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Abstract

OGIP of very dry gas within a large, very low-relief faulted anticline covering about 800 sq. km. It has been appraised by four additional wells and a 3D seismic survey, and is being evaluated for development. The Scarborough reservoir consists of Early Cretaceous deepwater turbidite sands deposited in a basin-floor fan setting. These sands were sourced from the expansive, northward-prograding Barrow Group fluvio-deltaic system located some 50 km to the south of Scarborough. The reservoir interval is a three-tiered fan sequence with variable sand content and quality: a highquality, high net-to-gross Lower Fan unit which contains the majority of the gas-in-place, overlain by lower net-to-gross and lower quality Middle and Upper fans. The dominant reservoir lithofacies are quartzose medium- and fine-grained sandstones which are largely unlithified and uncemented, with average porosities of greater than 30% and permeabilities of 100’s to 1000’s of millidarcies. The background lithofacies are mudstones and siltstones which straddle the silt-mud boundary. Static geological models and dynamic flow simulation models have been used to integrate seismic and well data, petrophysical analysis, and sedimentologic and stratigraphic interpretation. Outcrop analogues for deepwater basin-floor fan systems include the extensive, well-exposed and well-studied Permian Ecca Formation of the southern Karoo Basin, South Africa, the Carboniferous Ross Formation of western Ireland, and the Eocene Ainsa Formation of northern Spain. These outcrop analogues suggest that siltstone facies are bottom-loaded within genetically related depositional packages. Reservoir models were used to investigate the effects of stratigraphic organisation and lithofacies distribution on reservoir performance predictions. By reference to outcrop analogues, an hierarchical approach was developed to systematically distribute depositional facies and lithofacies within the models. This permitted investigation of the effect of stratigraphic features of different scales on predicted production rates, reservoir performance and individual well performance. Three hierarchical levels of facies models were incorporated into the stratigraphic zones. Two levels define deterministic and stochastic depositional facies geometries, and the third and finest level is lithofacies, or reservoir rock type. Seismic data were used to map large-scale depositional facies elements, and lithofacies were interpreted from well logs calibrated to conventional cores. The use of lithofacies distributed within depositional facies provides flexibility in the modelling workflow, provides the template for distribution of the rock properties of porosity, horizontal and vertical permeability, and water saturation, and allows systematic investigation of the effect of siltstone baffles on predicted flow streams, particularly on the timing of water arrival. The field is predicted to have a strong flank- and bottom-water drive in the Lower Fan and flank-water drive in the Middle and Upper fans. The siltstone baffles at various scales are expected to affect ultimate gas recovery, reservoir flow streams, and individual well performance, especially because of the limited gas column height and limited ability to handle water production. These baffles are expected to provide some protection from early water arrival.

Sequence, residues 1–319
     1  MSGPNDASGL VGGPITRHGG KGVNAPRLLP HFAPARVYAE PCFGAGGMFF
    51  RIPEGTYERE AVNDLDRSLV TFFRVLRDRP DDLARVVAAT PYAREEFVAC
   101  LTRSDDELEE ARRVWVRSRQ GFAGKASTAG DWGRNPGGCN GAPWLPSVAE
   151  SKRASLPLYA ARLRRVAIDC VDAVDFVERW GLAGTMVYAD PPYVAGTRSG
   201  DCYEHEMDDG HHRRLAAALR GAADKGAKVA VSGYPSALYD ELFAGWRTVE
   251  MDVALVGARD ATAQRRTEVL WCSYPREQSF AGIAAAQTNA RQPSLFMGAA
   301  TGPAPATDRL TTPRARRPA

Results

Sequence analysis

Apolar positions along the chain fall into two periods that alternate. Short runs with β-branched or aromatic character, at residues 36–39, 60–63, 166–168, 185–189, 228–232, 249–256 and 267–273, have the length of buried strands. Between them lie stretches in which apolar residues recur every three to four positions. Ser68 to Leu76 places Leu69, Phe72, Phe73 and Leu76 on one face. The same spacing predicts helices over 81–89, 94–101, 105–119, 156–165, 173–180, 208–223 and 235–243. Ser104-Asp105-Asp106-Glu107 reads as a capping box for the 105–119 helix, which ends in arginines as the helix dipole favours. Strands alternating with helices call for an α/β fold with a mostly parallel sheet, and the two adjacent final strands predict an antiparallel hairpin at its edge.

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/content/papers/10.3997/2214-4609-pdb.350.iptc17037
2013-03-26
2021-12-08
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http://instance.metastore.ingenta.com/content/papers/10.3997/2214-4609-pdb.350.iptc17037
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